15. Enid

    Enid Senior Member

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    I can well believe that Wildcat - recalling an incident of seeking escape (I managed just) to escape A & E following "all in the mind" diagnosis from 3 junior Docs and their Psycho. It comes as an awful realisation that the Hospital and it's Doctors were to be avoided at all costs - unsafe. Very ill at the time. One realises just how deep the psychiatrist's theories permeate medicine.

    to Wildcat Post 13
     
  16. orion

    orion Senior Member

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    I think that illustrates my point. These people are simply not prepared to debate with us in an honest way. Another favourite Wessely straw man is his often repeated suggestion that ME patients are in some way prejudiced against mental illness.

    There is no evidence to suggest that ME patients as a whole are any more prejudiced against mental illness than society at large. The reality is that we've simply looked at the research literature, and carefully monitored our symptoms over many years, and reached a conclusion (based on the facts) that our illness is not psychological. End of story. The frustrating thing is that this point has been put to Wessely literally dozens of times over the years but he simply chooses to ignore it.

    Debating with these people is like shooting ducks at a fairground attraction. No matter how many times you win the argument, they still keep coming back with the same tired old disingenuous arguments.
     
  17. Roy S

    Roy S former DC ME/CFS lobbyist

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    It's like-there he goes again.

    from- Denigration by Design?

    http://www.godot.connectfree.co.uk/dbyd.html#3

    Tactics used by psychiatrists of the "Wessely School"
    5. Wessely patronises, denigrates and mocks patients with ME/CFS,
    thereby damaging them and their credibility in the eyes of others.

    Others would add that he plays the victim, blames the victim, and that he is now again trying to drive a wedge between advocates and shame advocates into silence.
     
  18. eric_s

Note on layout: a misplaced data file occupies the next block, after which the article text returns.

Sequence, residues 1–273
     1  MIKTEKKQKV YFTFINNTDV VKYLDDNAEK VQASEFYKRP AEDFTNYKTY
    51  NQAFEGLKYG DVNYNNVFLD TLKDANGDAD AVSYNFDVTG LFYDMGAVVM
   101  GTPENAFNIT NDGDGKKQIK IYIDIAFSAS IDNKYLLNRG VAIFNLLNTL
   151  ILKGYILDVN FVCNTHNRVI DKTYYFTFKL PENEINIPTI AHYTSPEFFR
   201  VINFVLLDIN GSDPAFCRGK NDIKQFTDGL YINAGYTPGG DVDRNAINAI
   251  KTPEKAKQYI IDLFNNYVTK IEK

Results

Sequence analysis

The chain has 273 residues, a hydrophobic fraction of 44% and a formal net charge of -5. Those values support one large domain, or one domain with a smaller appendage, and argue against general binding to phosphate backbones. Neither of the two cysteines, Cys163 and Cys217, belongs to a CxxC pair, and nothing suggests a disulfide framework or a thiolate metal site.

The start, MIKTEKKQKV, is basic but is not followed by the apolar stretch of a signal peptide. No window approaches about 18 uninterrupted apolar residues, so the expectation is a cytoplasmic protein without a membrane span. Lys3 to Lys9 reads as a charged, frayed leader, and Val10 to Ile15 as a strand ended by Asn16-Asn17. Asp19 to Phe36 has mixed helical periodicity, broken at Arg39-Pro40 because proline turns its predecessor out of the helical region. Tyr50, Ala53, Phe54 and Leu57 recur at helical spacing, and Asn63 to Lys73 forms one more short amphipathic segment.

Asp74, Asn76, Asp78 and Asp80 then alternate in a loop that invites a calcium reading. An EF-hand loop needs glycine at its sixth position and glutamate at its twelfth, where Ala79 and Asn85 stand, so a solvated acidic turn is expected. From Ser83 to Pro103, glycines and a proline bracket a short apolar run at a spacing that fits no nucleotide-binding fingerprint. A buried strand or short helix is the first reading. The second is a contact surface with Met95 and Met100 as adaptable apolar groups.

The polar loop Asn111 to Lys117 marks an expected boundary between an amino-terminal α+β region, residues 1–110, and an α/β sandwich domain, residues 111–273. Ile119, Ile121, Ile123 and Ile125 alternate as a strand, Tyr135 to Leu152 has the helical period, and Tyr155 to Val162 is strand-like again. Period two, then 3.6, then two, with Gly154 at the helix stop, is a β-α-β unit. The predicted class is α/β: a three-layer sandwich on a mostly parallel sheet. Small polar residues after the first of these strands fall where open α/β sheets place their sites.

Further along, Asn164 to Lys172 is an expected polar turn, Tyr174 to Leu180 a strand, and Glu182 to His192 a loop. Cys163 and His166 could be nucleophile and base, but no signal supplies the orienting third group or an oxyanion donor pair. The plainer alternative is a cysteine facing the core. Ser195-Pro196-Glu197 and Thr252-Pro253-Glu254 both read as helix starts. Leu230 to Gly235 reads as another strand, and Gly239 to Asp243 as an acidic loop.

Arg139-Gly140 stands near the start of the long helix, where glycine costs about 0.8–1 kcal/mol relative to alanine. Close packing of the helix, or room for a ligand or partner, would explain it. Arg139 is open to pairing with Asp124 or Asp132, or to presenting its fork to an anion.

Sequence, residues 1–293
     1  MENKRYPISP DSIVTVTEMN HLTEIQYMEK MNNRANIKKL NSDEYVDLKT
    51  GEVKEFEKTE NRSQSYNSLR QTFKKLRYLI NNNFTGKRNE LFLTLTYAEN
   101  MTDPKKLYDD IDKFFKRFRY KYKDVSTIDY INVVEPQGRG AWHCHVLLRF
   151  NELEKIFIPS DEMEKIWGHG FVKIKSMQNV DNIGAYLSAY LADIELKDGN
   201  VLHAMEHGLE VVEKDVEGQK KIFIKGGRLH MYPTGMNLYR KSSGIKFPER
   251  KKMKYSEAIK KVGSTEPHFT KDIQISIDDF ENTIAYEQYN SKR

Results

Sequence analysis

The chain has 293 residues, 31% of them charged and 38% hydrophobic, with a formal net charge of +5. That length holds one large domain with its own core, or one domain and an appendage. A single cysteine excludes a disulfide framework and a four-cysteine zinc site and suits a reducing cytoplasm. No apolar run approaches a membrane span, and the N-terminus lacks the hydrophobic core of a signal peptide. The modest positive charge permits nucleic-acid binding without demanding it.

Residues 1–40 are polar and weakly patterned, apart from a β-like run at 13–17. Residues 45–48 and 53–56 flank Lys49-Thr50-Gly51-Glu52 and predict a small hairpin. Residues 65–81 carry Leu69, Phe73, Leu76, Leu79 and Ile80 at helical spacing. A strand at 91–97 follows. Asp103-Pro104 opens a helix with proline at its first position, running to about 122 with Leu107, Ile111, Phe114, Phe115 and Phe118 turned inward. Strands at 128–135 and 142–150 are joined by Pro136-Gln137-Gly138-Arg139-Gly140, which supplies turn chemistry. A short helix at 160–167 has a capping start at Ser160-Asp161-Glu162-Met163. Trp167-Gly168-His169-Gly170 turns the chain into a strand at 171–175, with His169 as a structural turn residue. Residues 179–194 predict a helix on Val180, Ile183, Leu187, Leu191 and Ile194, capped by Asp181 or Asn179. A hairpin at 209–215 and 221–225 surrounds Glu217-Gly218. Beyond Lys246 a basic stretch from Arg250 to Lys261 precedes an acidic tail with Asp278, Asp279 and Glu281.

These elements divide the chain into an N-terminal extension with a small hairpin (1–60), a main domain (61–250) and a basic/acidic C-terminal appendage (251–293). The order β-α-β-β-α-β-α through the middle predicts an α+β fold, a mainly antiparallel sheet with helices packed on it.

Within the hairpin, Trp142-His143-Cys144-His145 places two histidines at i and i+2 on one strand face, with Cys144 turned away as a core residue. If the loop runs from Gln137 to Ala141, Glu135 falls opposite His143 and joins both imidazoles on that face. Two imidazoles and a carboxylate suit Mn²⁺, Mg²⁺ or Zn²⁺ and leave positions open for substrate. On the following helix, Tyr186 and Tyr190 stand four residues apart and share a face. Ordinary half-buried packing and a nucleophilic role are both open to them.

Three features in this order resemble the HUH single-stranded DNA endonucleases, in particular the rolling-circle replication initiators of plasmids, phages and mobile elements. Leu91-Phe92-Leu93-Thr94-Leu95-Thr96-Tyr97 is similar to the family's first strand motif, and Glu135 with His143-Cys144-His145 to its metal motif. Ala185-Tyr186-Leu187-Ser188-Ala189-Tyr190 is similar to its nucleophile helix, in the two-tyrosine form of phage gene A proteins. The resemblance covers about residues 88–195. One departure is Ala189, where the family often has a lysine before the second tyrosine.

eric_s Senior Member

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    I'm really stressed and overworked at the moment, so i will leave aside the diplomacy for once. I don't mean to offend any UK citizens or residents, so take my appologies in advance. Also hopefully this won't come back to bite me later.

    Wtf is going on in your country? How can it be that basically all the major media participate in such a disgusting and downright evil media campaign? How can the British people accept their media acts like this? It is so totally obvious that this is a concerted effort and thus shows that a small clique is controlling basically everything, as far as the media are concerned, and the shocking thing is that this goes even beyond only private media, even the BBC seems to be involved. How can it be the Brits accept such conditions?

    Yes, there may have been some death threats (i didn't read this article and don't plan to do so, but i can guess the content more or less, it's probably a repeat of the same old rubbish), but can't people see the real point, the real crime? That probably around 100'000 residents of the UK are ill without real help and are subjected to neglect or even abuse? That this generates huge costs to the economy and even larger damage to the health and lifes of the people affected? How come readers are not disgusted by this perversion to portray ill people without help and in many cases without much hope as the perpetrators??? It's just unbelievable. I'm not aware of any other countries where there are such articles. Don't people have compassion?

    Maybe you should ask the French to send you a shipload of guillotines :D Again, the same question arises. Where are the UK's patient organisations? I really think in one way or the other you have to make a strong statement now, that the reality is different than what is said in these articles, that there are 100'000 Brits who are ill and finally need recognition and help and that you call this for what it is, a media campaign, which must stop and should be investigated, who is behind it and for what reason. The public should hear the position of the people who have this disease. It can't be that the public will take this as the truth. In the absence of having good enough connections to the media or politics, i only see how some sort of demonstration could achieve this goal. Or a really big petition, but then, in the end the public and politicians must learn about it, if this doesn't happen, it doesn't help much, i guess.
     
  19. Min

    Min Senior Member

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    Psychiatrist Ben Goldacre, ex colleague of Simon Wessely who owns the Bad Science forum writes for the Guardian & the Observer is it's Sunday version. The Guardian and Observer's reporting on ME has only reflected the Wessely school of thought in the last few years.

    The Guardian ran the Dr Crippen column that regularly denigrated ME and fibromyalgia sufferers.
     
    justy likes this.
  20. eric_s

    eric_s Senior Member

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    To be honest, at this moment, i'm not getting the feeling the it's the ME/CFS side that is winning in the UK. But i only hear about these articles and don't really get a picture of what's going on. And in the end any major breakthrough that happens anywhere in the world will rescue you too, so the "fight" does not have to be won in the UK.

    Edit: Oops, when i wrote this post here, it was in response to another post that i thought was posted in the meantime. But now i see that post is actually on page one of the thread, i just didn't realize i was forwarded to page one after posting the earlier post. Sorry for the confusion.